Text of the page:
Dutch bicycle parking facilities don’t mess around. At Utrecht train station, the parking garage has capacity for a staggering 12,500 bicycles.
To put that into context, Cambridge Rail Station – the UK’s largest bike cycle parking hub – has a 3,000 bike capacity.
When we say Utrecht parking ‘garage’, what we mean is a purpose built facility that can only be compared to our vast multi-storey car parks in the UK. It’s split on three levels, designed to filter natural light across the garage, and has clear wayfinding throughout.
And how are they fitting so many bikes in one place? Well, two-tier bike racks – a double stacking system designed to maximise bicycle storage.
We’re seeing more two-tier racks in the UK, so we thought we’d ask our Dutch partner’s and cycle parking specialist Klaver why they’re so popular in the Netherlands, and how they’re working for the UK too.
Cycling in the Netherlands
Firstly, however, we need to understand why there is such high demand for cycle parking.
When most people think of cycling friendly countries, the Netherlands likely tops your list. With cities like Amsterdam synonymous with relaxed city cycling, the Dutch are the envy of urban city planners.
But Dutch life hasn’t always been that way. Car ownership in the 50s and 60s meant that pre-war bicycle trips were replaced by motor journeys. Roads became congested with cars, and tragically led to more and more accidents.
During 1971, over 3,000 people were killed, including 450 children. The campaign movement which translates as “Stop the Child Murder” was launched in response.
This pressure, coupled with the 1973 oil crisis, sparked the Dutch government to invest in change. Urban planners began building an ambitious network of segregated bike lanes, with their own traffic lights and priority roundabouts.
Fast forward to today and the bicycle is an integral part of everyday life. Small children travel in child seats or cargo bikes before they can walk, and grow up to see cycling not as optional, but integral to getting around the city.
Enter: two-tier parking
Two-Tier Bicycle Parking at Rotterdam Station (courtesy of Klaver)
So what about bike parking? With thousands of journeys in The Netherlands everyday, whether that’s to train stations, shopping, or work – how are they storing them?
Klaver are a Dutch supplier of specialist bicycle parking – including two-tier racks, shelters, and lockers. You can find their solutions all over Europe, and in the UK via Turvec.
The dilemma, say Klaver, is meeting surging demand while keeping cyclists happy. In the case of Klaver – and Turvec – the direct customer is typically the train network, landlord, or property developer installing the parking. But, of course, the end-user is the cyclist.
“When it comes to priorities, there are a few differences between the two groups. Most customers prefer higher capacity, whereas cyclists prefer simplicity,” says Gerben Hofsté of Klaver.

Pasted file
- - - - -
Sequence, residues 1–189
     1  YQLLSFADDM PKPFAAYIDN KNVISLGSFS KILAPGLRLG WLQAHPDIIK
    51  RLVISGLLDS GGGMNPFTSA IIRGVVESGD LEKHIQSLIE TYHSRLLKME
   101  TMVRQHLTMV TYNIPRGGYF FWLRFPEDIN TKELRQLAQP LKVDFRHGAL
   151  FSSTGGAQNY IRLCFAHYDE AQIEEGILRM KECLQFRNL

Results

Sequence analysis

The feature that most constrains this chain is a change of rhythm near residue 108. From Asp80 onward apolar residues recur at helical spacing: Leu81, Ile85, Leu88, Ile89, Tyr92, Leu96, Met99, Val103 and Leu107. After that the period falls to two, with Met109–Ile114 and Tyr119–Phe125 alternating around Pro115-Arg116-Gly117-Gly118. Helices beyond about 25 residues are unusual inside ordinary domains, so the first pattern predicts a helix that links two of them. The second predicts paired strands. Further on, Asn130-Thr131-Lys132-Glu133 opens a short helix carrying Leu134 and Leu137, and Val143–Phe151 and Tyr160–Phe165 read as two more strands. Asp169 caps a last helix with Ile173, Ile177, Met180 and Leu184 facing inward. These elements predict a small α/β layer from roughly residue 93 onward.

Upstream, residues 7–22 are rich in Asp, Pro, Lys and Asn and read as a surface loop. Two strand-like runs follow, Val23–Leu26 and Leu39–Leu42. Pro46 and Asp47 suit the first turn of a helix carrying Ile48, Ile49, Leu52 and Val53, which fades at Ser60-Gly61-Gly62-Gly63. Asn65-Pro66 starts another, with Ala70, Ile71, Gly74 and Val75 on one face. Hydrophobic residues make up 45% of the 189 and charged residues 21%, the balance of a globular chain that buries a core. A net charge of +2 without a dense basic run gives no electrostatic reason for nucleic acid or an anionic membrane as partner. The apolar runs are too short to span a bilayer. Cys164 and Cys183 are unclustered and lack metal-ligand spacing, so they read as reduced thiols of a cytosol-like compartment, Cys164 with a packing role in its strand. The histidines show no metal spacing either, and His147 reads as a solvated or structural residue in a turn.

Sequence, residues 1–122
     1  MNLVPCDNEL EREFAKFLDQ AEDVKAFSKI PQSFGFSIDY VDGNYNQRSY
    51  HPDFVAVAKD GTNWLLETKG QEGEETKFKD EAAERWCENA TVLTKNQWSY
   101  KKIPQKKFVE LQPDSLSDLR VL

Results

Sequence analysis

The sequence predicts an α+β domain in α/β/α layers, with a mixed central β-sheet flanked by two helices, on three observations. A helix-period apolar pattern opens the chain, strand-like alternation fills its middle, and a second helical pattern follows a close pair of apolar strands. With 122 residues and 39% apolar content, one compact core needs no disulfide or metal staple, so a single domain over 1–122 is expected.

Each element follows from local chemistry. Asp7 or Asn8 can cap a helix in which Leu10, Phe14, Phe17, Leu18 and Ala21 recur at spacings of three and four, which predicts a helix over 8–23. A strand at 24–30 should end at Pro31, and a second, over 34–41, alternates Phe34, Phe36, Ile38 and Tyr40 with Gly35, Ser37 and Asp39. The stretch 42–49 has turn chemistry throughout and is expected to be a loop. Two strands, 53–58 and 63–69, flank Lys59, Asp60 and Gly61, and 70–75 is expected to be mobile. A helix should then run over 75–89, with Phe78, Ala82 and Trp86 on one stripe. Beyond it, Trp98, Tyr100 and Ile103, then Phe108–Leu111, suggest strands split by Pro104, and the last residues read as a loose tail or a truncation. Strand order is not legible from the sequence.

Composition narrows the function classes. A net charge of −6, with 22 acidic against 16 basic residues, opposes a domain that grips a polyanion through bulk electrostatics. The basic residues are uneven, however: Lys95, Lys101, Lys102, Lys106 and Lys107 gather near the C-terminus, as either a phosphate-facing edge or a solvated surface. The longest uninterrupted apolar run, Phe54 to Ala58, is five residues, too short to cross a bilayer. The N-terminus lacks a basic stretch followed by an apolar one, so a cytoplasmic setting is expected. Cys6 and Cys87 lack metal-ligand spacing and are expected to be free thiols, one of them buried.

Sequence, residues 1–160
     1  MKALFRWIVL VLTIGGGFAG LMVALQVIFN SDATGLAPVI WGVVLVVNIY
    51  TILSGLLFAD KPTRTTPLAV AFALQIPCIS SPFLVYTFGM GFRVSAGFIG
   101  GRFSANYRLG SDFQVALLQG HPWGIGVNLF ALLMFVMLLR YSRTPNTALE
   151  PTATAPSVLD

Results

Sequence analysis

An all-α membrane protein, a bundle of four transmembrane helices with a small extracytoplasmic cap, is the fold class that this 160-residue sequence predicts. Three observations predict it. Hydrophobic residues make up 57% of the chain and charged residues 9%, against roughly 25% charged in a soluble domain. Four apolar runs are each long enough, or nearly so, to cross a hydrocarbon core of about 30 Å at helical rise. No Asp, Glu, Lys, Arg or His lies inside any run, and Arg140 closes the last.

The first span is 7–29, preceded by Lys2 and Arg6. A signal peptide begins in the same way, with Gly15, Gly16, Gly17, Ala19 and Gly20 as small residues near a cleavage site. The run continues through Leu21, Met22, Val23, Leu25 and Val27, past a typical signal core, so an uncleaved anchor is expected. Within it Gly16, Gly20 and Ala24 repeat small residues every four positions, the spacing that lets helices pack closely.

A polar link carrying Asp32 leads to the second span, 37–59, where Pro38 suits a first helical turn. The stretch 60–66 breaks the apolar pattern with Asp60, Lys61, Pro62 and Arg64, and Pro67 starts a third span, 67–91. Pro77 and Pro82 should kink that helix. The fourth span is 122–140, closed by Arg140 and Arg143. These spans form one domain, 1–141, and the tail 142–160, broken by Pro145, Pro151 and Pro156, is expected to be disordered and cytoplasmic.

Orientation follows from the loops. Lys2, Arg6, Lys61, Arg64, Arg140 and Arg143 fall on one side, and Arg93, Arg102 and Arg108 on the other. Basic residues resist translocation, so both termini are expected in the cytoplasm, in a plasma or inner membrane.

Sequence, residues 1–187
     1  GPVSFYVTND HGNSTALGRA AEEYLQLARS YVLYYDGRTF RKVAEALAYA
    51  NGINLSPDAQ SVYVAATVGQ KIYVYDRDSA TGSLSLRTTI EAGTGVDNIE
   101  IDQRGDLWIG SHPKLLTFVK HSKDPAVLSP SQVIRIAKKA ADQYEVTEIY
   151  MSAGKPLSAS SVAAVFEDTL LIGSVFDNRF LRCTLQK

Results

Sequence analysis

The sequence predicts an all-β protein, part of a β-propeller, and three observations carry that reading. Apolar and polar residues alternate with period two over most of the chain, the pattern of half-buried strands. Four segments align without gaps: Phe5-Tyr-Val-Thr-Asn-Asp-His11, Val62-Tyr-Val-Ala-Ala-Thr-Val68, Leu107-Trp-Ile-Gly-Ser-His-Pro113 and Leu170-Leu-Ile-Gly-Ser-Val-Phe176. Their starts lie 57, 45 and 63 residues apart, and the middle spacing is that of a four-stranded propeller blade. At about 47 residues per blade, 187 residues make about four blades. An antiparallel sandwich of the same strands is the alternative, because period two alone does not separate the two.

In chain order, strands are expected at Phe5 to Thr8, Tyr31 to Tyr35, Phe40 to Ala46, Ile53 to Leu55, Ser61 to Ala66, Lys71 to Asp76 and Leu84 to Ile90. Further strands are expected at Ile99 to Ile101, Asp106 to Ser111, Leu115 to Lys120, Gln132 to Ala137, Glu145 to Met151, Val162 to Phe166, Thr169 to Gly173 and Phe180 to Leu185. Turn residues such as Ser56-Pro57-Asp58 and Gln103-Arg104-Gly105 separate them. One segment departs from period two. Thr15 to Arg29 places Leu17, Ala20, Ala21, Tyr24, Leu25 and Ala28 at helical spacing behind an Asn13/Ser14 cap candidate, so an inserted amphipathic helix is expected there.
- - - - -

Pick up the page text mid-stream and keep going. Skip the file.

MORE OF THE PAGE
“When it comes to two-tier parking, Dutch cyclists would never prefer these systems, especially not the upper layer of it. But to create the most bike spots, it’s a necessity.”
Especially in cities, space is at a premium. For a central train station in The Hague or Utrecht, fitting 12,000 bicycles needs a clever, efficient use of space. But you can’t just design cycle parking on that principle alone.
“The solution has to be user-friendly parking for cyclists, otherwise the facilities won’t be used, no matter how many there are,” explains Gerben.
So, what’s the answer?
“In The Netherlands we try to make two-tier parking as simple as possible. So we created the 2ParkUp system, which is both space-efficient as well as easy to use – it’s the best of both worlds,” says Gerben.
The 2ParkUp rack features gas-assisted lifting, ergonomic grips, and protective sleeves to prevent frame damage. So while still maximising storage space, the rack has been designed with usability front of mind.
It’s about more than just the racks
Having cyclist-friendly racks is one thing, but there’s much more to Dutch facilities than that.
“We don’t just focus on the bike rack, but on everything around the parking system too. It’s a big part of the solution,” says Gerben. “Together with our clients we think about creating a nice environment for cyclists. We try to influence ‘positive behaviour’ in parking facilities.”
This extends further than you might think. At Amsterdam Beursplein, natural stone and glass are used throughout the impressive underground parking facility. This mirrors the natural stone of the town square above, and creates a bright and clean environment to store your bike.
The whole system is designed without dead-end corridors and obstacles, making it a pleasant place to navigate. Natural light is designed to filter throughout, and screens show the current number of spaces available.
Could we see similar uptake for two-tiers in the UK?
There are certainly encouraging signs that the UK is beginning to catch up to The Netherlands.
Propelled further by the disruption of the coronavirus pandemic, pop-up cycle lanes have become permanent in many places, and schemes like Low Traffic Neighbourhoods are prioritising cycling and walking over car journeys.
Two-tier racks remain relatively uncommon, but even though Cambridge Train Station cycle park may pail in size compared with Utrecht, it’s part of a sign things are changing.
As cycle lanes extend commuting distances and inspire confidence in more cyclists, demand for parking will naturally increase. Meeting the required capacity with user-friendly, quality two-tier racks is likely to be a big part of that picture.
It’s worth noting that as part of every storage solution, you’ll need a variety of different racks and stands. This is to accommodate non-standard bicycles, such as tricycles, recumbent bikes, and cargo bikes.